I won’t try and argue that it’s “good.” But the fucking thing is right in my wheelhouse on a lot of levels. I can’t help it.
    ALIEN, however, remains a towering achievement. It stuns me when I encounter anyone who isn’t enraptured by it. My wife had to watch it for a film class recently. She’d never seen it, and commented afterwards that it was “silly.” I slept on the couch that night.
    I don’t like to pull out the “age” thing, but there is something troubling when my 14 y/o son finds JAWS and ALIEN (and Cameron’s sequel which I see as virtually equal, both films in my top 10 of all time)…he finds these films “boring.”
    The world I grew up in is gone….

  81. Noah says:

    If it’s any consolation, Steve, I love Labyrinth. And I do quite like Alien, I say as much in the piece, I just prefer the sequel.

  82. IOIOIOI says:

    Noah; this is just a weird discussion. You are once again bagging on someone with no other response to the bagging but; “Hey! I dont like him.” Good for you. However… huge fan over here… and what you are doing constitutes nothing more then pithy internet fanboy retort. Good for you, but Hannah and her Sisters is pretentious trash :D!

  83. brack says:

    Dance magic, dance.

  84. Noah says:

    I think I’ve made lots of points, IO, including writing an entire article and you still miss the point; it’s not that I don’t like him, it’s that I don’t think his work merits being called a “master” filmmaker, that I think he has been rated a bit too highly (in others words, “over-rated”). At a certain point in every argument, though, one must agree to disagree. I tried to back up my claims as best I could and if you feel that Hannah and Her Sisters is pretentious trash, I would love to hear you elaborate on that. I’ve already done so with regard to Ridley Scott and I never intended to change anyone’s opinion, only to state my own.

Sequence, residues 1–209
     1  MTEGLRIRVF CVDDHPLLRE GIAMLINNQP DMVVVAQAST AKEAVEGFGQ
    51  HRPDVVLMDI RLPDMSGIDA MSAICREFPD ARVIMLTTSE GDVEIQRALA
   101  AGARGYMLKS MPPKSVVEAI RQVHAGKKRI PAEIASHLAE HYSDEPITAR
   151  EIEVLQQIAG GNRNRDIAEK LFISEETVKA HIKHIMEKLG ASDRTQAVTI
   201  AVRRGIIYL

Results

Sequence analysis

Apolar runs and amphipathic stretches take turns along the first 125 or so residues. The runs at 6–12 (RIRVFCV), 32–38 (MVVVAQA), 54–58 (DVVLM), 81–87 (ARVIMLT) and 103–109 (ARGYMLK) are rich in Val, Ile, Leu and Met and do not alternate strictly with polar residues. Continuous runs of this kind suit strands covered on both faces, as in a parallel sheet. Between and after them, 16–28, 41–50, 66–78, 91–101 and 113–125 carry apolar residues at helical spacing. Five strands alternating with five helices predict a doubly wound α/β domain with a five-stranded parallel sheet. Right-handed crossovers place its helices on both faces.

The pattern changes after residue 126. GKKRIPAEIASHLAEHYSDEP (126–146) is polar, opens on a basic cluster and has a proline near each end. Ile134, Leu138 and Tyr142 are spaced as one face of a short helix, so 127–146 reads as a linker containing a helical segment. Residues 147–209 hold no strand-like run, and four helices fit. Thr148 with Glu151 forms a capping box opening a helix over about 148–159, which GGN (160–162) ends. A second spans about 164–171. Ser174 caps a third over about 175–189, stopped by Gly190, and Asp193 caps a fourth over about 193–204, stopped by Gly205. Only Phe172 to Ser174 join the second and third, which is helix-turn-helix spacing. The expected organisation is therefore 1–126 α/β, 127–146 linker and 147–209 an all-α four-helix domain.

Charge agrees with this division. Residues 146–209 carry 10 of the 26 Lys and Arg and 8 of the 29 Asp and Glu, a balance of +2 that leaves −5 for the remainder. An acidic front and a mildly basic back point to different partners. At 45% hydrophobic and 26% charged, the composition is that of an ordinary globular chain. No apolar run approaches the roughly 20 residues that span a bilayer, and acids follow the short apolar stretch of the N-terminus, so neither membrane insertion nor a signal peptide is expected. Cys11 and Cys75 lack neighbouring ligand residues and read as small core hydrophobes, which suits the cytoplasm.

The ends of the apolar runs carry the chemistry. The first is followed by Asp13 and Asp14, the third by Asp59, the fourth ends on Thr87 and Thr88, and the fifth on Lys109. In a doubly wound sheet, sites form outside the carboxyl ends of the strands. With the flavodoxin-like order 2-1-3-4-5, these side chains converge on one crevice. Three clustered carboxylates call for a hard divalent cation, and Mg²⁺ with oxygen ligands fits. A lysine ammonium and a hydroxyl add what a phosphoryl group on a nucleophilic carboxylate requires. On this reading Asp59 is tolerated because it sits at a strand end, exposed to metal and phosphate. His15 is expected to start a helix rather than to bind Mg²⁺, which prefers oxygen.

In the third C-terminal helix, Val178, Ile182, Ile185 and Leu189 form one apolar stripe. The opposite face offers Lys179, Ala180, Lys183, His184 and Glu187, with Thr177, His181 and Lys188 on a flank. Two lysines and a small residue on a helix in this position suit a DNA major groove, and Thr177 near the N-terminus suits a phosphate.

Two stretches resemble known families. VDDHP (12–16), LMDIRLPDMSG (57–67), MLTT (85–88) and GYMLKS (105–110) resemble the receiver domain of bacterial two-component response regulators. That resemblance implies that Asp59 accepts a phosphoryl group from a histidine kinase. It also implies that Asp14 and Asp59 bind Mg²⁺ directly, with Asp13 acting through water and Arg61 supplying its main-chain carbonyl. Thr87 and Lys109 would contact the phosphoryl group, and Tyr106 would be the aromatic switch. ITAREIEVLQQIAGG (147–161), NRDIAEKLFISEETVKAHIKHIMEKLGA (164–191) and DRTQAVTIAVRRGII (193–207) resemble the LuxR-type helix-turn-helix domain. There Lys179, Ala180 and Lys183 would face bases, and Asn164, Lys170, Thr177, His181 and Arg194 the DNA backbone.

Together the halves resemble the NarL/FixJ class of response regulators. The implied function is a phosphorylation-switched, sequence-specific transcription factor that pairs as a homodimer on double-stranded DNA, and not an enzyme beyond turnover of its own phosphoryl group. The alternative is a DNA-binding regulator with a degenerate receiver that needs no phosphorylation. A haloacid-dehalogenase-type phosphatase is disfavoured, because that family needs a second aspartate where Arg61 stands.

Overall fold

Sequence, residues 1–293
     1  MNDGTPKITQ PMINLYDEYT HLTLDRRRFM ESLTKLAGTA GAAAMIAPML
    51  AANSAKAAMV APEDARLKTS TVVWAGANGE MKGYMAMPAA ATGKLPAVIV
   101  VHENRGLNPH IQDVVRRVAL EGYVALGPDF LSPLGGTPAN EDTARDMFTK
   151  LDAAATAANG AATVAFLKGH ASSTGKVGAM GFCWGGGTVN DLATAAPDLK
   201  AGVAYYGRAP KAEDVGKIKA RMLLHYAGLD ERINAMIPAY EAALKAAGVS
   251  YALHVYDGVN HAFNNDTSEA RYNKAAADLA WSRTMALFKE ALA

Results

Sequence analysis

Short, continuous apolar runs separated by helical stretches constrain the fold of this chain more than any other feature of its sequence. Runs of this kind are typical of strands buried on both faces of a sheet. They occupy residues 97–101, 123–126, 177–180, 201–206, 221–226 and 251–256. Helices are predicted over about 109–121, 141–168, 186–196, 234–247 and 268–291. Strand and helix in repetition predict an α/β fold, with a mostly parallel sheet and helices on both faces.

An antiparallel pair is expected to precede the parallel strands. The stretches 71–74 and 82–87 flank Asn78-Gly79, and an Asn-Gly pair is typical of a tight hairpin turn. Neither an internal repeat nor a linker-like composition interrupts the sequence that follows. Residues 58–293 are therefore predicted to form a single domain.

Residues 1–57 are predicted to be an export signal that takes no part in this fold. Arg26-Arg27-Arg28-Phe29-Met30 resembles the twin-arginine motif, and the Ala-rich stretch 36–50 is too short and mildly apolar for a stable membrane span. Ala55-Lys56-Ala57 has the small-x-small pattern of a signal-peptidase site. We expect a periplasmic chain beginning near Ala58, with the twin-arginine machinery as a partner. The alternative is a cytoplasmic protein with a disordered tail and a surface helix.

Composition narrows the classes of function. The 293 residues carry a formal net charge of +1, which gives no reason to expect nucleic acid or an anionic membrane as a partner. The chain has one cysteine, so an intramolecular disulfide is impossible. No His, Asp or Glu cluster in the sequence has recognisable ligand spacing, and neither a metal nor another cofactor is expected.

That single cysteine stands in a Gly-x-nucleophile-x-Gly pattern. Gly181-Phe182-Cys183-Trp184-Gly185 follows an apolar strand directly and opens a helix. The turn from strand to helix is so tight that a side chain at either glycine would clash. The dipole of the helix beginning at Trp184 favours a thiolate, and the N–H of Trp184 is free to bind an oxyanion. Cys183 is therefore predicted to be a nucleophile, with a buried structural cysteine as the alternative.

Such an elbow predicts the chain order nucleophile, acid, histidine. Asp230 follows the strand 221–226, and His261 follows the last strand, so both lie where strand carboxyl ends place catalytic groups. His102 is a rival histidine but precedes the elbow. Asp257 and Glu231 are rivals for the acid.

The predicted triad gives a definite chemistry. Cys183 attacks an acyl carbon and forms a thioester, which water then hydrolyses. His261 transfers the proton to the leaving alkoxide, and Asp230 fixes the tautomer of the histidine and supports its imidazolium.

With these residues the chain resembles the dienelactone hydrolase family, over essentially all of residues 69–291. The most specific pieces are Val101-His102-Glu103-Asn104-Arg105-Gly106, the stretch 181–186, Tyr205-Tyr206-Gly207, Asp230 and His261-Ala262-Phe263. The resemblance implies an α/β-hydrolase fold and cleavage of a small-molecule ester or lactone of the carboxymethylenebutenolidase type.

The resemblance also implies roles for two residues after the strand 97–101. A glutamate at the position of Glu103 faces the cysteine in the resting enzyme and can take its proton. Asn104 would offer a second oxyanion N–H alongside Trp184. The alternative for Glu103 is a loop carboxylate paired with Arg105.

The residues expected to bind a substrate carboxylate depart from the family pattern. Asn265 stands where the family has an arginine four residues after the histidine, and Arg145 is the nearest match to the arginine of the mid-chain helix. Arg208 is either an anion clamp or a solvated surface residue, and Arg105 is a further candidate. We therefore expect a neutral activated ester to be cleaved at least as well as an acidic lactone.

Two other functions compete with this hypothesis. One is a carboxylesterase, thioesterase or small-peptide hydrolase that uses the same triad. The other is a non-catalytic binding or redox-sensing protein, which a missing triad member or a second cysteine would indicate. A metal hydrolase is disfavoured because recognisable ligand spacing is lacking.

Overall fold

85. Since we’re on the topic of “iffy” directors and I’ve grown tired of the Scotts argument (Ridley’s overrated imho) I just walked in from NO COUNTRY FOR OLD MEN and man, when the Coen Bros are on….there’s hardly anyone better in todays cinema.
    And they are so…so…so on in this newest one. I don’t want to rave too much because then I feel like everyone goes in looking for holes in what people are totally blown away by so I’ll just say….it was pretty good. Prettty….pretty good.

  86. IOIOIOI says:

    Noah; I am being silly. Relax. I just never thought that I would read someone referring to Ridley Scott as anything less than a Master. Seriously dude; I have had more heated arguments about Gilmore Girls. So this is a refreshing change of pace for me. Nevertheless… no biggie there Noah… but we once again have nothing in common. Schucks.

  87. OH! I dunno if it’s been mentioned hereabouts BUT….there’s another viral website for DARK KNIGHT at
    http://www.whysoserious.com/
    All month it’s been a jack-o-lantern with a candle burning lower each day and today, (well, Halloween) it burned out and now there’s all these clues for a DARK KNIGHT clue or symbol in most every major U.S. city. Pretty neat! I’ll get my San Francisco clue Thursday!

  88. Noah says:

    IO, we both love Sal Governale and Richard Christy and for that, I will always hold you close to my heart.

  89. “I just think Ridley takes the subject a bit too seriously and for a horror film,”
    Umm… it’s a horror flick in space! If it wasn’t serious then it’d become a comedy (Leprechaun: Space Platoon comes to mind).

Quote Unquotesee all »

This is probably going to sound petty, but Martin Scorsese insisting that critics see his film in theaters even though it’s going straight to Netflix and then not screening it in most American cities was a watershed moment for me in this theatrical versus streaming debate.

I completely respect when a filmmaker insists that their movie is meant to be seen in the theater, but the thing is, you got to actually make it possible to see it in the theater. Some movies may be too small for that, and that’s totally OK.

When your movie is largely financed by a streaming service and is going to appear on that streaming service instantly, I don’t really see the point of pretending that it’s a theatrical film. It just seems like we are needlessly indulging some kind of personal fantasy.

I don’t think that making a feature film length production that is going to go straight to a video platform is some sort of “step down.“ I really don’t. Theatrical exhibition as we know it is dying off anyway, for a variety of reasons.